World’s top two shipbuilders in deal to merge: Seoul

Year after year, the top three shipbuilders churned out enormous cargo ships, oil tankers and offshore drilling rigs for shipping firms and energy giants around the world. (File/AFP)
Updated 31 January 2019
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World’s top two shipbuilders in deal to merge: Seoul

  • The world’s top three shipbuilders are South Korean, but the industry has been hammered in recent years
  • South Korea’s “Big Three” shipbuilders were once hailed as a major driver of the country’s export-reliant economy

SEOUL: The world’s biggest shipbuilder, South Korea’s Hyundai Heavy Industries, has reached a deal to acquire a majority stake in ailing number two Daewoo from the government, Seoul said Thursday.
The world’s top three shipbuilders are South Korean — Samsung Heavy ranks third — but the industry has been hammered in recent years by overcapacity and plunging ship prices.
Daewoo Shipbuilding & Marine Engineering has struggled in particular and has repeatedly been bailed out by the government to avoid collapse, at a total cost of several billion dollars.
Hyundai Heavy itself announced net losses of 633 billion won ($569 million) for 2018 on Thursday, blaming higher steel costs and lower demand.
But the state-funded Korea Development Bank (KDB), which owns 55.7 percent of Daewoo, said Hyundai had agreed to take over its stake.
Rather than paying cash, the shipbuilder will split itself in two and issue KDB shares in a new holding company that will own Daewoo and most of Hyundai Heavy’s existing businesses.
The deal would further consolidate Hyundai Heavy’s position as the world’s largest shipbuilder, giving it more than 20 percent of the global market.
It will go through unless Samsung Heavy makes a better offer, KDB officials said, with a final decision expected in March.
South Korea’s “Big Three” shipbuilders were once hailed as a major driver of the country’s export-reliant economy — the world’s 11th largest.
Year after year, they churned out enormous cargo ships, oil tankers and offshore drilling rigs for shipping firms and energy giants around the world.
But a prolonged slump in oil prices and the global economic slowdown sapped demand for tankers and container ships, while overcapacity, regional rivalry and competition from cheaper Chinese shipbuilders squeezed profit margins.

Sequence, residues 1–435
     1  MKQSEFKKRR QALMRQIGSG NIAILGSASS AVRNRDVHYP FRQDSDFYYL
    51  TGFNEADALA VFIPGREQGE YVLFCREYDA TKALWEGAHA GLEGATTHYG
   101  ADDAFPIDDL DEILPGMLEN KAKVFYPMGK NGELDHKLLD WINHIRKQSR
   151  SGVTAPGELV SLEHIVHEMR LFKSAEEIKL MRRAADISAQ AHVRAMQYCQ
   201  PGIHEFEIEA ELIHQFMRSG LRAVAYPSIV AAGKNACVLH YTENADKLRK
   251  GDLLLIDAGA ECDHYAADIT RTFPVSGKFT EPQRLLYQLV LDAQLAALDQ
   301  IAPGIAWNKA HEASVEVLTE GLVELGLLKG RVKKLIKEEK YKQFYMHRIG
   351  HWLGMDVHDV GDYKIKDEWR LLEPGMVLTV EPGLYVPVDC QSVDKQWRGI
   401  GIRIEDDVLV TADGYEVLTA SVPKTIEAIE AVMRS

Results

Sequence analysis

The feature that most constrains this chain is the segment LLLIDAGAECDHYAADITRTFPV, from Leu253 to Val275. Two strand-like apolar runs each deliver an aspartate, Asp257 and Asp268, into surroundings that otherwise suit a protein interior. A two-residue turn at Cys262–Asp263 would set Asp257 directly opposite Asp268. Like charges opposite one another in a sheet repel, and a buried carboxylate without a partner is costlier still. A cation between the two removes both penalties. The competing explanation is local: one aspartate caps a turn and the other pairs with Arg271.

Hyundai Heavy’s 2018 losses represented a significantly worse performance than the previous year, when it was 93.4 billion won in the red.
The shipbuilder said its acquisition of Daewoo was aimed at “boosting the competitive edge of South Korea’s shipbuilding industry by maximizing the synergy effect.”


Bahrain LNG terminal to start commercial operations in May

Updated 41 min 49 sec ago
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Bahrain LNG terminal to start commercial operations in May

  • Bahrain LNG is the developer of the receiving and regasification terminal within the Khalifa bin Salman Port facility in Hidd

DUBAI: Bahrain’s liquefied natural gas (LNG) terminal will start commercial operations in May, with the first LNG shipment to be imported mostly from the UAE’s ADNOC, state media quoted the CEO of Bahrain’s National Oil and Gas Authority (NOGA) as saying.
Bahrain LNG is the developer of the receiving and regasification terminal within the Khalifa bin Salman Port facility in Hidd, Bahrain, Bahrain LNG’s website says.
The terminal also houses an offshore LNG receiving jetty and breakwater, a regasification platform, subsea gas pipelines from the platform to shore, an onshore gas receiving facility, and an onshore nitrogen production facility, according to the website.
Bahrain’s first LNG floating storage unit is anchored in the United Arab Emirates’ Fujairah port, Refinitiv Eikon data shows.
The storage unit is expected to arrive at the Hidd terminal in May, Bahrain News Agency quoted NOGA chief executive Jassem al Shirawi as saying on Monday.
The report did not specify the overall shipment amount, a small part of which Chevron will deliver later.
The terminal is more than 98 percent ready and the trial period will last only a few weeks, he told the news agency.
“Bahrain has signed agreements with more than 25 companies and gas-producing countries from around the world to import LNG,” al Shirawi was quoted as saying.
The LNG import terminal, with a capacity of 800 million cubic feet per day, will allow Bahrain to import the super-chilled fuel as demand grows for natural gas to feed large industrial projects, generate power and produce oil.